Nutrition Articles

The Hunt for Hidden Sugar

How Much of the Sweet Stuff is Hiding Your Foods?

Ready for a little experiment? Grab that jar of sugar, a measuring spoon, a plate and a can of regular soda. Then, dump one teaspoon of sugar onto the plate. Repeat this nine more times. Do you know what you have, besides a mess? The amount of sugar in one 12-ounce can of soda! Just look at that mound!

Now locate the sugar listing on the soda's nutrition label—40 grams. Four grams of sugar equals one teaspoon. Do the math. That innocent can of pop contains 10 teaspoons of sugar and 160 empty calories.

Even if you don’t drink regular soda, the typical American now eats the equivalent of about 31 teaspoons (124 grams) of added sugar every day. That sugar alone adds up almost 500 extra calories—about 25% of the average person's caloric intake. WOW!

Less is More
So how much should you limit your sugar intake? Several health organizations, including the American Heart Association, suggest that added sugar should be limited to no more than 6-7 percent of your total calories. This does not include naturally occurring sugars found in fruits (fructose) and dairy products (lactose). The chart below lists the maximum recommended daily sugar intake based on various calorie levels.

Maximum Sugar Intake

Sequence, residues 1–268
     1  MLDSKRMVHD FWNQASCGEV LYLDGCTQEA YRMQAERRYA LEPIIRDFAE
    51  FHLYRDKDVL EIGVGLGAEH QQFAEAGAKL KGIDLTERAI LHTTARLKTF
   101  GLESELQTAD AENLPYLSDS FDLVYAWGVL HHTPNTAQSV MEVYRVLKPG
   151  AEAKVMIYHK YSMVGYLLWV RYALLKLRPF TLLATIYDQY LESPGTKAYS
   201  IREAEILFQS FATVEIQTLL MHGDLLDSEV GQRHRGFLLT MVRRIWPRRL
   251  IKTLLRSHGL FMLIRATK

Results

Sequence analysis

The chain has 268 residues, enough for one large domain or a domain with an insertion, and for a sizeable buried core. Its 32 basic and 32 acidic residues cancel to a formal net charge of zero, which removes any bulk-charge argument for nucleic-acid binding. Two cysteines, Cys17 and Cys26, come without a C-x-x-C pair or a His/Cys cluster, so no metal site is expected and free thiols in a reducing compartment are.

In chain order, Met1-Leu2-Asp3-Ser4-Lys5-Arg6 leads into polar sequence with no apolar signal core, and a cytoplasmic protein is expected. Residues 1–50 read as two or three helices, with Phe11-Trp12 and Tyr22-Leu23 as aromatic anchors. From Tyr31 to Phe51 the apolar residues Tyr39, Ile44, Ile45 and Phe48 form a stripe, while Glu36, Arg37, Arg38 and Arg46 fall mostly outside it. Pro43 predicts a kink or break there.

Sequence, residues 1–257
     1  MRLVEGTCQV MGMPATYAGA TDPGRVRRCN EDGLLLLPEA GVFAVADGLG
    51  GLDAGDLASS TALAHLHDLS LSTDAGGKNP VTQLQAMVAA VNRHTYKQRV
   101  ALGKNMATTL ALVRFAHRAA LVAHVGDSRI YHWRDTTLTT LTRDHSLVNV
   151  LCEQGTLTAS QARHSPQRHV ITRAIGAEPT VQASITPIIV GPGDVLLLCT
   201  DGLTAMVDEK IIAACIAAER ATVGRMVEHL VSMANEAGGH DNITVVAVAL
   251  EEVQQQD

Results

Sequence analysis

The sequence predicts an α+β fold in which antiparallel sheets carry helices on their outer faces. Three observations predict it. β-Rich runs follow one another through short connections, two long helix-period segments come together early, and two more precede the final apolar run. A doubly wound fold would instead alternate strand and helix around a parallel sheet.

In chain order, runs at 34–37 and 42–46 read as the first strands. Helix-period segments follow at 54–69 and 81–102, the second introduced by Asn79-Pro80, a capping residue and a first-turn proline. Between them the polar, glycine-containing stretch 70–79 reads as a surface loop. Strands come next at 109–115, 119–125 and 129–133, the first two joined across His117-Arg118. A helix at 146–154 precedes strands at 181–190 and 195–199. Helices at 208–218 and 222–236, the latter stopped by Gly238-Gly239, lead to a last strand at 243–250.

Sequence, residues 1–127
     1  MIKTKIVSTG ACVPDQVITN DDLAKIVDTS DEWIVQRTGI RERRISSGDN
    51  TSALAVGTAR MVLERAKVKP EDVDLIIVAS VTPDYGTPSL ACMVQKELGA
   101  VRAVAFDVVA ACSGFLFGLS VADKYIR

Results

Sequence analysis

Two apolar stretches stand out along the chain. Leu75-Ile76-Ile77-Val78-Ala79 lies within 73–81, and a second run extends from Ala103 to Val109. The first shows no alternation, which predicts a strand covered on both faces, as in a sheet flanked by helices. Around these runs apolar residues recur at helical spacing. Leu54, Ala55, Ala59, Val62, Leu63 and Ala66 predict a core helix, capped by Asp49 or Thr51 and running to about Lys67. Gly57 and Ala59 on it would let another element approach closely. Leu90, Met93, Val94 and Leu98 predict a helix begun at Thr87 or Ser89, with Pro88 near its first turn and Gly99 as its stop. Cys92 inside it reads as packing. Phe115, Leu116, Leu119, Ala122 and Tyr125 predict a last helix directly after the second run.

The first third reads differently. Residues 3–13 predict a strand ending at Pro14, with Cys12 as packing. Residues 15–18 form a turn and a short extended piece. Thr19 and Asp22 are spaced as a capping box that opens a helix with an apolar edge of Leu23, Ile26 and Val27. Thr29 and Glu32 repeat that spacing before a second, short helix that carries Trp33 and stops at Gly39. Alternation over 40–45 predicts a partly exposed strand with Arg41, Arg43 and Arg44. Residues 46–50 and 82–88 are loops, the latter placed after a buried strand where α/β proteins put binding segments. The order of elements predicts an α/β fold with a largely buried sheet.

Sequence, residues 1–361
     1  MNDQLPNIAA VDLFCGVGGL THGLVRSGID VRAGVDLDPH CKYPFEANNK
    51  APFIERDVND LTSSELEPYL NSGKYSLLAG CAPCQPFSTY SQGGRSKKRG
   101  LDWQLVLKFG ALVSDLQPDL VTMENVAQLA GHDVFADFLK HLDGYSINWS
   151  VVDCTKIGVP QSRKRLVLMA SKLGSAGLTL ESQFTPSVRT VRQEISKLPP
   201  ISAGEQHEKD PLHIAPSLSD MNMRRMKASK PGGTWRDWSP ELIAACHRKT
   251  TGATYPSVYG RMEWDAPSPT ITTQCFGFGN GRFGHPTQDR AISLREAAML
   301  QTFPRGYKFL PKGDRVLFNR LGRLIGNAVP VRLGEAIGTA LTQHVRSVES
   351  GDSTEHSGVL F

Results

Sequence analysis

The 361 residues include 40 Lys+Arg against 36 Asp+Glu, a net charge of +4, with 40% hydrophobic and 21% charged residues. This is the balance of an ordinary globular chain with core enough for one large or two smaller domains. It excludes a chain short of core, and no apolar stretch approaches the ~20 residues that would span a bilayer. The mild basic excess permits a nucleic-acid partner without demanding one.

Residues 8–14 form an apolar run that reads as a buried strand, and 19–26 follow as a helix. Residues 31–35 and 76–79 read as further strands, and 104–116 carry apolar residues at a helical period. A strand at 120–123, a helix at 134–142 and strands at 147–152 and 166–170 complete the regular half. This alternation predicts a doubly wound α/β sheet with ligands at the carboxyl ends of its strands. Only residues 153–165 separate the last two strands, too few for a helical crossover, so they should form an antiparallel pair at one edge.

Daily Calorie Intake

Grams of Sugar




















Deciphering Labels
It can be confusing to try to find out how much added sugar a food contains. The sugar listing on a Nutrition Facts label lumps all sugars together, including naturally-occurring milk and fruit sugars, which can be deceiving. This explains why, according to the label, one cup of milk has 11 grams of sugar even though it doesn't contain any sugar “added” to it.

To determine how much sugar has been added to a food product, follow these two tips:
  • Read the ingredients list. Learn to identify terms that mean added sugars, including sugar, white sugar, brown sugar, confectioner’s sugar, corn syrup, dextrin, honey, invert sugar, maple syrup, raw sugar, beet sugar, cane sugar, corn sweeteners, evaporated cane juice, high fructose corn syrup, malt, molasses, and turbinado sugar, to name a few.